Thursday, 19 December 2013


Rail firm freezes 43% of its fares for 2014 including more than half of its journeys from London

  • Government-run East Coast said freeze was 'commercial decision'
  • 64% of booked in advance journey fares will also be frozen
  • Government took over running of line between London and North East and Edinburgh after National Express decided it cost too much to run

A rail firm has become the first to announce a freeze on 43 per cent of its fares for 2014 - including more than half of journeys to and from London.
But Government-run East Coast, which runs to the North East and Edinburgh, said regulated fares, which include season tickets, will rise by 3.1 per cent.
A spokesman said: ‘Fares on 43 per cent of all journeys will be frozen next month, with fares on tickets booked in advance frozen for 64 per cent of all journeys.’ 

Government-run East Coast, which runs between London and North East and Edinburgh, has become the first to announce a freeze on 43 per cent of its fares for 20134

This is in sharp contrast to the oft-quoted ‘real terms freeze’ in which fares go up only by the rate of inflation - which still means ticket prices rise.
The company said there would be some increase below or up to the rate of inflation on 51 per cent of fares. And 6 per cent of tickets would see an above inflation rise, it said.

The line was taken over by the Department for Transport in 2009 after franchise holder National Express decided it cost too much to run.
East Coast managing director Karen Boswell said: ‘We’re freezing fares to encourage more people to travel with us. This will help us to continue to grow our business, and to give back even more to the taxpayer.
‘This is a straightforward commercial decision which is very good news for our customers and businesses across our route. It will also help East Coast to sustain our strong advantage in a highly-competitive travel market.
'When you take into account the rate of inflation, the announcement represents a genuine real terms cut in our overall fares.

'We believe this will attract more people to our trains, and help to maximise revenue. It will also help businesses and hard-working people by holding down the cost of travel for many.‘
East Coast operates services from London up the east side of England to Scotland, with about 60 per cent of services starting or finishing at London’s King’s Cross station.
Overall average rise for all East Coast fares from January 2 will be 1.21 per cent.
Unregulated fares - which include off-peak fares and advanced-purchased tickets for leisure travellers - will go up by an average of 0.83 per cent.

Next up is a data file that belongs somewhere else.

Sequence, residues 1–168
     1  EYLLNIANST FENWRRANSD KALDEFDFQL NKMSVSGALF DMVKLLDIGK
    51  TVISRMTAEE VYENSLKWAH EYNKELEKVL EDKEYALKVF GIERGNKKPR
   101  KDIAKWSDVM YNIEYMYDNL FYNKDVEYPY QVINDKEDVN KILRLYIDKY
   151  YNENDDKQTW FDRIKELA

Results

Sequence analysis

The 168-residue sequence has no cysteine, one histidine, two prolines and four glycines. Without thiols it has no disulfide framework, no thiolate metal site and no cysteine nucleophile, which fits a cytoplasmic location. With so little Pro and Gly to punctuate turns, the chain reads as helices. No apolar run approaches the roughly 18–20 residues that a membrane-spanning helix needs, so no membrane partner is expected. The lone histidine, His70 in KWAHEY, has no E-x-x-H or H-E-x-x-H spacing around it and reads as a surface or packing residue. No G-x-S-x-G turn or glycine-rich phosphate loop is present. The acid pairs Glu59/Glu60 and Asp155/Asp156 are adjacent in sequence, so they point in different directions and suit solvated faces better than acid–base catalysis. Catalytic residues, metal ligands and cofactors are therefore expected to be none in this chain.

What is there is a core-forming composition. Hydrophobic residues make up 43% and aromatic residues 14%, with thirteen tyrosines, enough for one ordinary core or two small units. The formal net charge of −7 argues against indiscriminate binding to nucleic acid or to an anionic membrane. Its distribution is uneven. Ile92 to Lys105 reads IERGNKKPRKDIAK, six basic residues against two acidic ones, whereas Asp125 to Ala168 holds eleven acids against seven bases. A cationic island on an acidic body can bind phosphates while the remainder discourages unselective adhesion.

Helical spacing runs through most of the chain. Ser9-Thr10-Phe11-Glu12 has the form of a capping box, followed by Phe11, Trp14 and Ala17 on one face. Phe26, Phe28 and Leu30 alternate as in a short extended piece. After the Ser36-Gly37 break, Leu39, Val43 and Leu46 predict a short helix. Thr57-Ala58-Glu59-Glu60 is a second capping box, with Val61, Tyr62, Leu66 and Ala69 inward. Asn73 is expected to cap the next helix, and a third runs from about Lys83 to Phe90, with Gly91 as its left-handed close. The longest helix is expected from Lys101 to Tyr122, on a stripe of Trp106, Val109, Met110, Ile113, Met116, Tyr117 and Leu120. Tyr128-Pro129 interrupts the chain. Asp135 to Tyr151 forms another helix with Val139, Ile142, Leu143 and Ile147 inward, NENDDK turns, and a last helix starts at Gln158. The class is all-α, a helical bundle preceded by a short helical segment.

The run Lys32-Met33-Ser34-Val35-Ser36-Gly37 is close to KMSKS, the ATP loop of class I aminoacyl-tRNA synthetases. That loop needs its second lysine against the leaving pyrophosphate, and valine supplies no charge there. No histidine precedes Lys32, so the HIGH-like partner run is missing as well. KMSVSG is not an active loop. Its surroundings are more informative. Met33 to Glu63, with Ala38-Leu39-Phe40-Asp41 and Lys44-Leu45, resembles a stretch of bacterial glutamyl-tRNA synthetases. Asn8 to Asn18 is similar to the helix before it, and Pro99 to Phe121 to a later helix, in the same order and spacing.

But regulated fares, which include season tickets, are rising by the recently-agreed 3.1 per cent average which is in line with the July 2013 RPI inflation rate on which the January 2014 national rises are based.
This follows the announcement in Chancellor George Osborne’s recent Autumn statement that January 2014’s rail fare rise for regulated fares - which include season tickets - would be capped and limited to the retail or RPI rate of inflation rather than ‘RPI plus 1per cent’.
The rises will now be based solely on the inflation-rate rate in July 2013, which means that the average rise in January 2014 will be 3.1 per cent rather than the expected 4.1 per cent.
However, train operators still have flexibility to increase fares by a further 2 percentage points to 5.1 per cent, - provided other fares fall to compensate and keep the overall average at 3.1 per cent.
Mr Osborne said his decision would benefit more than 250,000 annual season ticket holders who will, on average in 2014, save £25.
Passenger Focus executive Mike Hewitson said: ‘Hard-pressed passengers will welcome East Coast’s decision to freeze nearly half of all its fares, including more than half of those to or from London.’
And TSSA transport union leader Manuel Cortes said other rail companies who have made ‘massive profits down the years from ripping off passengers’ should follow suit.
He added: ‘We would like to see all fares frozen because they have more than doubled since privatisation 20 years ago.’


Roger Kaye has been out and about with his cameras (movie and still), and has provided a selection of modern traction from around the East Midlands. The selection of images can be viewed here